The Sober Curious Movement
Maybe you’re over spending days recovering from one night out partying. Perhaps you’re looking around, and seeing your peers establishing careers, families, and first houses while you feel behind the curve. You could be a person that hits the gym all week, maintains an otherwise healthy lifestyle, and the drugs or alcohol you’re taking in don’t mesh with that larger lifestyle. The sober curious movement might be for you.
Arguably, its origins begin in a generation that grew up watching Dr. Drew and Bob Forrest get real with a wide range of celebrities. Its a generation was raised on healthier food, a more physically active lifestyle, and a lingo for rehab and addiction that shifted out of anonymity or embarrassment. The Sober Curious Movement is about questioning the role of alcohol and other drugs in our lives and our culture. It’s a shift from “just say ‘No’” to “just ask ‘why?’”
Why are drugs and alcohol so pervasive in our culture? Why is fun and relaxation marketed so closely with booze and binge drinking? Why do I wake up, work out, and hit the road to work, but also get trashed on the weekends and need substances to dial down at night? Why do my feelings seem intolerable in the quiet of the end of a day? Why?
Being sober curious allows for a more open conversation with yourself, and others. People can begin to tune in, instead of tuning out. The pursuit of genuine experience, and full awareness of the moment becomes the focal point far and above the blitzed state of another pub crawl. While boredom and FOMO plague some people in early recovery, the sober curious movement is an invitation to live fully.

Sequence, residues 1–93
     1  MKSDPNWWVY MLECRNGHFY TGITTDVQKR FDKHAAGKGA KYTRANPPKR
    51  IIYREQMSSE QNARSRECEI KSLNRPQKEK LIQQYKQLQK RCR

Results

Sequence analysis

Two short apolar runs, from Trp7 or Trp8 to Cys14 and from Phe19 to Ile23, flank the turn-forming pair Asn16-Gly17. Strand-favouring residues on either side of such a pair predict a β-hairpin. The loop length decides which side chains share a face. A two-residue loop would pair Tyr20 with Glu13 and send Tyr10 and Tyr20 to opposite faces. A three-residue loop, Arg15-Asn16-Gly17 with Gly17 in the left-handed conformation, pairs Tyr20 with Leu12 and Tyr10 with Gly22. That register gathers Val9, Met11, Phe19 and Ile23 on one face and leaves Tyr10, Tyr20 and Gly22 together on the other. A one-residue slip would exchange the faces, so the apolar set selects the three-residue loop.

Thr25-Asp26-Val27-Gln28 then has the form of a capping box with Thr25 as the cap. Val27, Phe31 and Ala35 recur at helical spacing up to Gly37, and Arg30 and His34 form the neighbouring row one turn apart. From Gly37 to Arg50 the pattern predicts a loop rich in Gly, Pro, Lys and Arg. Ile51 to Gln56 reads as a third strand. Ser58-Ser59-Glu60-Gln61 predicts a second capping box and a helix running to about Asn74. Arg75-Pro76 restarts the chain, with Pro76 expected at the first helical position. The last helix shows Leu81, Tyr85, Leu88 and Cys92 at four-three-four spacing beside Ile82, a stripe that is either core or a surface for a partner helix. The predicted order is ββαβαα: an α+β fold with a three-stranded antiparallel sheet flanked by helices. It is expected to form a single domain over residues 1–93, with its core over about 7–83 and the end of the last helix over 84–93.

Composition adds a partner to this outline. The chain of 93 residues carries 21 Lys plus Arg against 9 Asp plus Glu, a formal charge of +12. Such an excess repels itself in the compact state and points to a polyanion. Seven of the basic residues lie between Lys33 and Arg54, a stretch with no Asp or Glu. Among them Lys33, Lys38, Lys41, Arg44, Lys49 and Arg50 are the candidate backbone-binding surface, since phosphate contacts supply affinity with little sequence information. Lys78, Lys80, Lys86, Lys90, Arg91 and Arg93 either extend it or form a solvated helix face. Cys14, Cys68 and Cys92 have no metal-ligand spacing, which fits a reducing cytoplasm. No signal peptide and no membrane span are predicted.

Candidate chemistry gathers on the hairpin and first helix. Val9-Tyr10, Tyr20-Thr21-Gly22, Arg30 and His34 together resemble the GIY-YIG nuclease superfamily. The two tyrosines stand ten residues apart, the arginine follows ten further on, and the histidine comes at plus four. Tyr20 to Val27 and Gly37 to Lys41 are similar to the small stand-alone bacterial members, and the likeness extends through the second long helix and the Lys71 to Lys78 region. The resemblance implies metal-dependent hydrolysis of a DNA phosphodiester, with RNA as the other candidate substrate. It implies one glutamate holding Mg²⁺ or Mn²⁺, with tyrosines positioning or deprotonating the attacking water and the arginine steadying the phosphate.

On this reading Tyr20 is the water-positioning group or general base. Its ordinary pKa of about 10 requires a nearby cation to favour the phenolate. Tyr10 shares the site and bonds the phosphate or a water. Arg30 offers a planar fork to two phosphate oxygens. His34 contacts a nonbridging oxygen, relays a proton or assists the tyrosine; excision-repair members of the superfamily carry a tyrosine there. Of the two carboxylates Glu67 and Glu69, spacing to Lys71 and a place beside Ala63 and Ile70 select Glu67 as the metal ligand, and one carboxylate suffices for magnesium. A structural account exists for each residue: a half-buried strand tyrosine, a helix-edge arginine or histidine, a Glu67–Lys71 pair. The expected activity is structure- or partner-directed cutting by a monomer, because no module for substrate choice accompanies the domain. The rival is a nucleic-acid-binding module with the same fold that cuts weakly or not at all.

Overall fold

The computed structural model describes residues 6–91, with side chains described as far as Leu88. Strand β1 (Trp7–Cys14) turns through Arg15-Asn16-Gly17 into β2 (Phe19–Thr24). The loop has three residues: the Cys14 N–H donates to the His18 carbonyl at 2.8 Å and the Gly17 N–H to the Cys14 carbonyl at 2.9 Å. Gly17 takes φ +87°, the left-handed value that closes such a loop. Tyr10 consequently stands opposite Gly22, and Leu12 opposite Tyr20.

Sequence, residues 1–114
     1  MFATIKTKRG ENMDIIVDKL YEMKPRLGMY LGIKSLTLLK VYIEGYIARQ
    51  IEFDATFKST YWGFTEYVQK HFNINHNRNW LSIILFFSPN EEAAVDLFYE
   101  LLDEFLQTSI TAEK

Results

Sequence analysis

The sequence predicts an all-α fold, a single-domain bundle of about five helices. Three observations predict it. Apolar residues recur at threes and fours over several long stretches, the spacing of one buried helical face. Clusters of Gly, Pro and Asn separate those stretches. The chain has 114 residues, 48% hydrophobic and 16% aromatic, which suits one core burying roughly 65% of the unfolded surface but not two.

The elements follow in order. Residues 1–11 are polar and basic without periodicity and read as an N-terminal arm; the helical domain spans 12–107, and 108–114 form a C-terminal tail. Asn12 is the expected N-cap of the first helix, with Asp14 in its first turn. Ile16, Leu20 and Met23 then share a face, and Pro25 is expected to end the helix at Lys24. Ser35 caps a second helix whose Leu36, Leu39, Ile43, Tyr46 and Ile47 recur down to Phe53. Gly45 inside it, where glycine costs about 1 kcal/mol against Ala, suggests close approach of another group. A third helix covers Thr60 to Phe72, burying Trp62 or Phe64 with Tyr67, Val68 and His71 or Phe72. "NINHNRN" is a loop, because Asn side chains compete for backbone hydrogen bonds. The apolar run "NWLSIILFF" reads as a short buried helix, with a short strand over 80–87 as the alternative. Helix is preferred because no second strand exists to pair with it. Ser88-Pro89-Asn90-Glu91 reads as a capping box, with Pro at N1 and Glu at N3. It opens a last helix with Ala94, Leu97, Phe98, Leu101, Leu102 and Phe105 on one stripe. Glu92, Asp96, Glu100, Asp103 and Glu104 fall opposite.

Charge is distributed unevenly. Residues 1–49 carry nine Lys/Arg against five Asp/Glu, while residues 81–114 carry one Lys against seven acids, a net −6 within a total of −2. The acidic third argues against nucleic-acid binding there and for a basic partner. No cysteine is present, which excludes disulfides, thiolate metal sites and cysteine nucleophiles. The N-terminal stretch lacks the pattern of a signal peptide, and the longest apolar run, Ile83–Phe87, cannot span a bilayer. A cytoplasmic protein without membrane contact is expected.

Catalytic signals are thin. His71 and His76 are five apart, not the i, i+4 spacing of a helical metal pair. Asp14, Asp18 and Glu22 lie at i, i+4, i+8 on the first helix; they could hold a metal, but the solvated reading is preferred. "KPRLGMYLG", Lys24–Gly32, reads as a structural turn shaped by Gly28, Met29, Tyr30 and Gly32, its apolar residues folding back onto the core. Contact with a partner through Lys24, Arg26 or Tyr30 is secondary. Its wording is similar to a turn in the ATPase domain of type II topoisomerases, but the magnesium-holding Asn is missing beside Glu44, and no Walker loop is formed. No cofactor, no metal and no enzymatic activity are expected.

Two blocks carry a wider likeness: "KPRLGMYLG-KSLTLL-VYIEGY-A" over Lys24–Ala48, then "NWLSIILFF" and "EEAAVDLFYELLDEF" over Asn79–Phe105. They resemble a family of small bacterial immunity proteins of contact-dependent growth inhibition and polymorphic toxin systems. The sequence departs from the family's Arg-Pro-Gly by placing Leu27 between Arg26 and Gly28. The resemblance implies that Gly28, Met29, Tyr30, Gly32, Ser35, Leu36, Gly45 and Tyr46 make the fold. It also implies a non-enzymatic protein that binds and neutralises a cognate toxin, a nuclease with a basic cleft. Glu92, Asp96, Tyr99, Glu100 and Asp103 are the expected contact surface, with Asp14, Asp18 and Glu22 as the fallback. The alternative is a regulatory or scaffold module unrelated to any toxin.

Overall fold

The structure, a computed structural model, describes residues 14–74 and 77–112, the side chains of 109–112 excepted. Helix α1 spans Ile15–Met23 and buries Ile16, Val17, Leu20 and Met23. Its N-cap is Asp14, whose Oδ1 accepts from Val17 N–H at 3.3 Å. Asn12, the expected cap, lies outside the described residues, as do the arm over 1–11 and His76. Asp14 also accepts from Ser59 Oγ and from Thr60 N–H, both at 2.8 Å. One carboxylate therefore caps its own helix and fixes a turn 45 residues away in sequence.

In St. Louis, sober curious people can find community in a wide variety of ways. Sans Bar St Louis partners with local venues to host alcohol-free pop-up events. Pop’s Blue Moon has sober night every Saturday night, boasting of craft non-alcoholic cocktails and live music. Late-night venues throughout the region are following that lead by putting high quality ingredient mocktails on their own drink lists. These options bring sober support outside of a church basement, and into some of the best locales that the city has to offer.
If you’ve already been down this road, and #DryJanuary quickly ended in epic failure, it might be time to reach out for help. For people struggling with addiction, there isn’t enough curiosity and willpower in the world to get them safely into early recovery. It’s very common for people in the middle of addiction to want, and even openly discuss, sobriety. When a person’s body moves into chemical dependency, professional support is needed to move out of dependency.
Chemical dependency is the brain’s brilliant way of adapting to its circumstances in order to survive. The brain wants to get on board with the lifestyle that its in, and a chemical shift occurs. The brain begins to chemically rely on alcohol or other drugs, believing that the body that its in must need these chemicals to survive. Food, relationships, self-care, and basic safety all shift down the list of priorities, and substances get the number one ranking on the “List of Things Needed to Survive”. These people experience fierce withdrawal symptoms with any attempt to reduce or quit their use. Withdrawal symptoms can look similar to the flu, and are often described as “the worst flu I’ve ever had”. For many chemically dependent people, abruptly quitting on their own can lead to seizures and be life-threatening.
Wherever you are on the spectrum from sober curious to chemically dependent, Harris House is here to help. One phone call can connect you to a professional waiting to help, ready to listen to your personal experience and connect you to a wide range of services.